Saturday, May 30, 2009

where are the Muslims?

Earlier today I was at the NYC Grassroots Media Conference. I was only able to attend one workshop and had to table the rest of the time, but I enjoyed myself and met all sorts of interesting people. Over the last couple years or so I've gained a strong perspective that independent media is vital and crucial, and that more people from marginalized communities need to make such media. Going to this conference gave me more insight and knowledge into what other people are doing in the broader alternative independent media movement, especially with what's going on in NYC.

When I go to these kinds of progressive spaces, of which I hope to go to more, I find that I'm usually the only visible Muslim, if not the only Muslim or one of the very few Muslims. So what did I see today at the NYC GMC? All sorts of people from all sorts of communities, which is fantastic. But as far as Muslims, I only met one other Muslim, and I was perhaps the only visible Muslim. My guess is that there weren't more than a handful of Muslims present at the conference, if even that.

I find this to be really frustrating. First and foremost, the alternative media movement is extremely relevant to the Muslim community, and Muslims need to be a part of it. Media has the most influence in our society today. It is all about cause and effect. For example with Muslims, for many years and especially in the last 8 years, Muslims have been vilified, defamed, misrepresented, and stereotyped in mainstream media - in all media. Come on, we know this. Talk radio, national TV news, local TV news, newspapers, crazy right-wing websites, movies, etc etc - the list goes on, and on and on. My classic example is Glenn Beck who used to be on CNN, primetime every weeknight at 7pm, and is now on Fox. Beck is the kind of guy that convinces ignorant TV viewers that Muslims are Islamofascists - and he had a prime spot on CNN.

Then you look at the alternative media movement. The folks doing this kind of work understand the misrepresentation and stereotyping of people of colour, including Muslim folks, and their work aims to rightly represent these communities to counteract the damage done by mainstream media. The alternative media movement aims and wants to accurately represent Muslims! So why the hell aren't more Muslims engaged in this kind of work? Why is it that I saw very few Muslims today at this conference, when many of the media groups present at the conference discuss Muslim communities and Muslim issues?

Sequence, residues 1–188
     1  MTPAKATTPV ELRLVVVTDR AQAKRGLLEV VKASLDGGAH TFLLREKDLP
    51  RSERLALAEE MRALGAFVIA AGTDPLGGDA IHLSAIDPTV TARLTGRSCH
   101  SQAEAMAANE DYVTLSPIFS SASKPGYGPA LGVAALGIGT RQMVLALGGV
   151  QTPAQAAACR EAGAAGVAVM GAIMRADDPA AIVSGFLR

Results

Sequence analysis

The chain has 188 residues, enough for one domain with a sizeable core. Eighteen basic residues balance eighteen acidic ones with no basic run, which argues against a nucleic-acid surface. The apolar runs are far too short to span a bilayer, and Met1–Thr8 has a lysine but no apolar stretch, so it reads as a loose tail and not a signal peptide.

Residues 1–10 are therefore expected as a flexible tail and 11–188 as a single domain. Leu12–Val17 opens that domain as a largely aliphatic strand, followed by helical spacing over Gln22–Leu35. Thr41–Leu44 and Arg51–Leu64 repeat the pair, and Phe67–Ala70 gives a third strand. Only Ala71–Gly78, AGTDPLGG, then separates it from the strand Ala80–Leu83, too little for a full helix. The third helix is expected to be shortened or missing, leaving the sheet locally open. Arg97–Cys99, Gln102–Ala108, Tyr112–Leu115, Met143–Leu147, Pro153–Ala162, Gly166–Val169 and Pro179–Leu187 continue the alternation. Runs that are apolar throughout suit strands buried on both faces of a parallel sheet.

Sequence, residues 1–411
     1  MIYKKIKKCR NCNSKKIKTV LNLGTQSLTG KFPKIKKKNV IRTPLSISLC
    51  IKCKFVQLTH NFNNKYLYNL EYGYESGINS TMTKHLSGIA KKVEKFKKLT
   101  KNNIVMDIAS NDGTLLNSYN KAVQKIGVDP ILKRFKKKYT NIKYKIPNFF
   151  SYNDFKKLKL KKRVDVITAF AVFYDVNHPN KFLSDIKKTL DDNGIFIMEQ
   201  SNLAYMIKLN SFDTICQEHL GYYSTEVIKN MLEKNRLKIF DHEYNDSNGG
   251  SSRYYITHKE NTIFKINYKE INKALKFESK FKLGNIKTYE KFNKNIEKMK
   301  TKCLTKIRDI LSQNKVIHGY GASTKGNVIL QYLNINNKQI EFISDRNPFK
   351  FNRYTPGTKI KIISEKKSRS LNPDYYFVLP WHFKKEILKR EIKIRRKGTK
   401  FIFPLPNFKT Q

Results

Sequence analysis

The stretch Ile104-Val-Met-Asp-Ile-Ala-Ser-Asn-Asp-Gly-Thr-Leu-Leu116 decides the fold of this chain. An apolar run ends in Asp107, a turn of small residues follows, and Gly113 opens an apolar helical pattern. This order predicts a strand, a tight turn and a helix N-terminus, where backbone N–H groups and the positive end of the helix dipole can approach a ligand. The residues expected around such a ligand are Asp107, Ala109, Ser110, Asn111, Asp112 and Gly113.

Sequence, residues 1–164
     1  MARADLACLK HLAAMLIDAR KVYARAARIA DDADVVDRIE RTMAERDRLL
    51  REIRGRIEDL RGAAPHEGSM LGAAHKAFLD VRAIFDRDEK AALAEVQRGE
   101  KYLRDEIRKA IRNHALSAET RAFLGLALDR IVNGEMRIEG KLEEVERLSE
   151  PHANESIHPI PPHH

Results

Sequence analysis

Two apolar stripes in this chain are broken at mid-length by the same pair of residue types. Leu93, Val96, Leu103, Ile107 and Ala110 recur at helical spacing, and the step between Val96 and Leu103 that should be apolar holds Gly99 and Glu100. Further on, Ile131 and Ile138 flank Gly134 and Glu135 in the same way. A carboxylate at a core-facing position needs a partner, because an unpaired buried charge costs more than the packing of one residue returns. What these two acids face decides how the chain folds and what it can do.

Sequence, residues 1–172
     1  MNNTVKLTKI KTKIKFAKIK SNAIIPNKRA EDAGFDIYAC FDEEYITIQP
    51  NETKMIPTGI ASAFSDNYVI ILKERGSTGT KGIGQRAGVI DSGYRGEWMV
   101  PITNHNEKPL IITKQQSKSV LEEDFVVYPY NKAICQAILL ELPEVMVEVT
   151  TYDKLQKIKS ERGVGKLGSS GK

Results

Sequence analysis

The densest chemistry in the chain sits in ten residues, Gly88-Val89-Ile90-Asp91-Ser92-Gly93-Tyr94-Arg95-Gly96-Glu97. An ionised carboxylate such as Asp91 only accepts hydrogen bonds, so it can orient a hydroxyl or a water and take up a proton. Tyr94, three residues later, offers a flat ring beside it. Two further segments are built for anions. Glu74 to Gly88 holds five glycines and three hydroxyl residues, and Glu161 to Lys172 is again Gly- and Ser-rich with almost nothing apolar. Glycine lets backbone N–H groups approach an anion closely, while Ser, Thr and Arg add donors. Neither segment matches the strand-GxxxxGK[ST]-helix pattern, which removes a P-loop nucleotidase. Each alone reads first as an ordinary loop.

This is part of a bigger issue of Muslims groups and institutions not being involved or connected with the wider progressive movement. The true progressive movement talks about Iraq, Afghanistan, Palestine, Iran, Pakistan, Sudan, Kashmir, Chechnya, and so on and so on. What about domestic issues? The prison system, Guantanamo, labour rights, immigrant rights, institutionalized poverty and racism and cleavages, all affect Muslims as well. My point is that the progressive movement is engaged with issues that directly affect Muslims. Therefore there is a crucial need for Muslims to become involved with these groups or at least to connect with them, to work together. Note, I'm only discussing spaces that have people of colour at the forefront.

I'm tired of Muslims only talking to themselves. We're such an insular and fragmented community. We need to connect to those who are already looking out for us.

In terms of looking forward, I'm going inshallah to the Allied Media Conference July 16th-19th in Detroit. I hope that Muslims turn up.

Friday, May 29, 2009


From Representations of the Intellectual by the late great, Edward W. Said.

page 107:
"I had certainly become used to being peripheral, outside the circle of power, and perhaps because I had no talent for a position inside that charmed circle, I rationalized the virtues of outsiderhood. I could never completely believe in the men and women, for that is what they were after all, just men and women - who commanded forces, led parties and countries, wielded basically unchallenged authority. Hero-worship, and even the notion of heroism itself when applied to most political leaders, has always left me cold..."

I put this up here because this passage made me think right away of course, of Mr. Barack Obama. I wonder what Said would have said about him...